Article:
Democrats on the Judiciary panel asked Vitter about her comments, her anti-abortion activism, and her endorsement of the brochure, “The Pill Kills.” Vitter largely evaded the questions, insisting over and over again that she would set aside her personal and political beliefs and follow precedent. Democrats Mazie Hirono and Kamala Harris, as well as Richard Blumenthal, pushed Vitter on her responses, but Vitter was firm in her stance that her anti-abortion position—that has so far shaped the arc of her professional life and is presumably the reason she was selected as a nominee in the first place—would not affect her judicial impartiality. “I do not consider the role of a district court judge to question precedent or in any way overturn it,” Vitter told Senator Amy Klobuchar early in the hearing. It was a talking point she would return to again and again.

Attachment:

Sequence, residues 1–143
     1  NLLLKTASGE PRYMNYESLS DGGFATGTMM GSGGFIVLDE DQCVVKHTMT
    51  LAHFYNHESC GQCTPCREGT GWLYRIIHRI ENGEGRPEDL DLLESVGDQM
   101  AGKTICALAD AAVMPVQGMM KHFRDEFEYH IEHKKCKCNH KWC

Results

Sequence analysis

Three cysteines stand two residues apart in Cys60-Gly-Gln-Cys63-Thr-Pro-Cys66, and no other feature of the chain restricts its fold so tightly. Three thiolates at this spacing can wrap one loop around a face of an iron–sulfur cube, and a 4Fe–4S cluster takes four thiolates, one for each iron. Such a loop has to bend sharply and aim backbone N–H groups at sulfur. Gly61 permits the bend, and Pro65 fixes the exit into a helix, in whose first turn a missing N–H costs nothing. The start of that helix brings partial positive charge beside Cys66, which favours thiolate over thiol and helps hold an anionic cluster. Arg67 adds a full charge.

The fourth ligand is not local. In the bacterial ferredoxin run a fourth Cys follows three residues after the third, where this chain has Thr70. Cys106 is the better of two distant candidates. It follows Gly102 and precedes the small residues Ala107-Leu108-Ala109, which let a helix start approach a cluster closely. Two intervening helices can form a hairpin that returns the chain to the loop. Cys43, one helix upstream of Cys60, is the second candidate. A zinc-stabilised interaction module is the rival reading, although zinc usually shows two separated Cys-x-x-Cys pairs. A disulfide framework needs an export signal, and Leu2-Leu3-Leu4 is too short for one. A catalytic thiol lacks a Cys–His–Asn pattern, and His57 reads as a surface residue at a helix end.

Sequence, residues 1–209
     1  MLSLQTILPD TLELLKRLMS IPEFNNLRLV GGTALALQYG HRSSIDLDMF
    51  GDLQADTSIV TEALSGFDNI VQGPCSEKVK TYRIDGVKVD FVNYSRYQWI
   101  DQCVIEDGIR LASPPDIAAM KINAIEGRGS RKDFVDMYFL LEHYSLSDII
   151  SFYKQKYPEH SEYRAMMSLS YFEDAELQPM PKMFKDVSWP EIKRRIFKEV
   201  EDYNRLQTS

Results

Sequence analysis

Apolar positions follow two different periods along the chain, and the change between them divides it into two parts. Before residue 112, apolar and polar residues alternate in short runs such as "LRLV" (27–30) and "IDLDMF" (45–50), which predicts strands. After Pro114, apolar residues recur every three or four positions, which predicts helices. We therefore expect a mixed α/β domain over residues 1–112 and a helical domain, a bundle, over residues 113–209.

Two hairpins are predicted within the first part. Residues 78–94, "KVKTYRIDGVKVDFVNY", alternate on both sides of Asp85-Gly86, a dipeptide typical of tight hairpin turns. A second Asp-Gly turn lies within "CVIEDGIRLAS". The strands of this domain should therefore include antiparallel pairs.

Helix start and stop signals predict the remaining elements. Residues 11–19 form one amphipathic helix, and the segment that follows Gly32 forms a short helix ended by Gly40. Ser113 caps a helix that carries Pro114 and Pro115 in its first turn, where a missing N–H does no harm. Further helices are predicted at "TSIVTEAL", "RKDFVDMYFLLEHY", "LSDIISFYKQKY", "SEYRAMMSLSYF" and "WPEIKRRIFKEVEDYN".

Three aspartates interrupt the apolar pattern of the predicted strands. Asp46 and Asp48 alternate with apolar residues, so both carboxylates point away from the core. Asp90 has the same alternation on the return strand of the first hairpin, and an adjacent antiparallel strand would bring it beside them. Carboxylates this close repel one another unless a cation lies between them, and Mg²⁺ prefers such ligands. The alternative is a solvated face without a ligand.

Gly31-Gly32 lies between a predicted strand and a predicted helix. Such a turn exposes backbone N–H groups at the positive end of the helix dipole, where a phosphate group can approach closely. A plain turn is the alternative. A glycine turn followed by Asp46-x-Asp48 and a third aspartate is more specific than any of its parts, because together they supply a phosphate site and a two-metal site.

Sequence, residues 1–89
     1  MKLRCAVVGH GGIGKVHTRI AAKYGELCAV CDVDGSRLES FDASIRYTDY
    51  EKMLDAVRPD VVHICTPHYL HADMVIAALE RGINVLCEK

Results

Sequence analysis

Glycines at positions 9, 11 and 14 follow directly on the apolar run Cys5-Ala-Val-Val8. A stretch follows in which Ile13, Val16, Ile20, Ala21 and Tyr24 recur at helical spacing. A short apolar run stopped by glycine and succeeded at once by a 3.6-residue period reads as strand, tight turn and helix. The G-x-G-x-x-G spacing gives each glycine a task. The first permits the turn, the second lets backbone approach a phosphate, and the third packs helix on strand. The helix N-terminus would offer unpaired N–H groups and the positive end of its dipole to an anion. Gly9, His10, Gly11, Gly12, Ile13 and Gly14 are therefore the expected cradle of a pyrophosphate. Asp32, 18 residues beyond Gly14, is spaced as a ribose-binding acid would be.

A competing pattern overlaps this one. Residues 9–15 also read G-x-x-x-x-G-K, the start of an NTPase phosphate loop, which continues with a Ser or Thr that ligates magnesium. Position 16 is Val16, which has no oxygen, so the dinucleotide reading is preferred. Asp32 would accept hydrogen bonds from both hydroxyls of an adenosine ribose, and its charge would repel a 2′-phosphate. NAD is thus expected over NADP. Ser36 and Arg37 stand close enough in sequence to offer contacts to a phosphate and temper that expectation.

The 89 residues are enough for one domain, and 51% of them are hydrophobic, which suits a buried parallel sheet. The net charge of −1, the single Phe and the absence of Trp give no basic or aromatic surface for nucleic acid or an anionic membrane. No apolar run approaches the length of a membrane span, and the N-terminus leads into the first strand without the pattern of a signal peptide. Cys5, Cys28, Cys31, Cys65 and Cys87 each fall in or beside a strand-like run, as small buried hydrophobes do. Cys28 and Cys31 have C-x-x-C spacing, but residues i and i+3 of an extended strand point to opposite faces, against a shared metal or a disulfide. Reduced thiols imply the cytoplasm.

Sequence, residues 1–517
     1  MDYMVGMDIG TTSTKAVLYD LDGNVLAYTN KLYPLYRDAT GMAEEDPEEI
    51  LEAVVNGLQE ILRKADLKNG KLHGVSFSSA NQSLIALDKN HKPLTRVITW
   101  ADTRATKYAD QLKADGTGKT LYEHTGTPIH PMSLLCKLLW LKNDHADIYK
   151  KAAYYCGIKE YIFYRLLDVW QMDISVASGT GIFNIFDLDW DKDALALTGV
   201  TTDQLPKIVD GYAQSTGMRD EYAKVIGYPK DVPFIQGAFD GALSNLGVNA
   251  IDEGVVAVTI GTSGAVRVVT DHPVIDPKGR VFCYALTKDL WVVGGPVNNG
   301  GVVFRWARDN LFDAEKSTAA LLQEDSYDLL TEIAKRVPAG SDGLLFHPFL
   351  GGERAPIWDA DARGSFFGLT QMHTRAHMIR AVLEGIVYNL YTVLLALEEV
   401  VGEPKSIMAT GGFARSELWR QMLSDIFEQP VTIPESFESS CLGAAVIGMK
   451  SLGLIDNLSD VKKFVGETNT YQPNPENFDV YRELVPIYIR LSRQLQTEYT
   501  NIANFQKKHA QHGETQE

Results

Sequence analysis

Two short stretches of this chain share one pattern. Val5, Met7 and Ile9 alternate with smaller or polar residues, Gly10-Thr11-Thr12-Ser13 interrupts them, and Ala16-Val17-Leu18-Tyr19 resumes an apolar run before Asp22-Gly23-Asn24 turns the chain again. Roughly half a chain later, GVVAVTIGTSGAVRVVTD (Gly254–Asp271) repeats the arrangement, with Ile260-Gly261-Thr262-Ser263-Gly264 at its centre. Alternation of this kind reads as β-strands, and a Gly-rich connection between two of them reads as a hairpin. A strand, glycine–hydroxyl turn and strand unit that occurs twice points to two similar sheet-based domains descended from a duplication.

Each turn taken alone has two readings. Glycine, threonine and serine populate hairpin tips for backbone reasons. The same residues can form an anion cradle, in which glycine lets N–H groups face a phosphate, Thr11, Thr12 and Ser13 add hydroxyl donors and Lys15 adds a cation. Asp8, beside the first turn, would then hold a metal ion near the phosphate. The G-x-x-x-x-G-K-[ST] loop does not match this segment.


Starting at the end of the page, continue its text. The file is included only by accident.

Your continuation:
Hirono asked Vitter about both her endorsement of “The Pill Kills,” as well as her failure to disclose her speaking engagements. “Do you believe the claims [in this brochure]?” Hirono asked. “You urged women to look at this material...you called them facts,” she continued. Vitter tried to place the endorsement “in context.” “I was a moderator of this panel, I was not one of the speakers, I was trying to facilitate a discussion, I did not choose the speakers,” Vitter said.
“I’ll be frank, I had never heard those views before.” Vitter said that she was not endorsing the brochure, but encouraging “participants to speak to their medical doctor.” Hirono interrupted, asking, “are you aware that these views have been massively debunked?” “I’m not a medical professional,” Vitter evasively responded.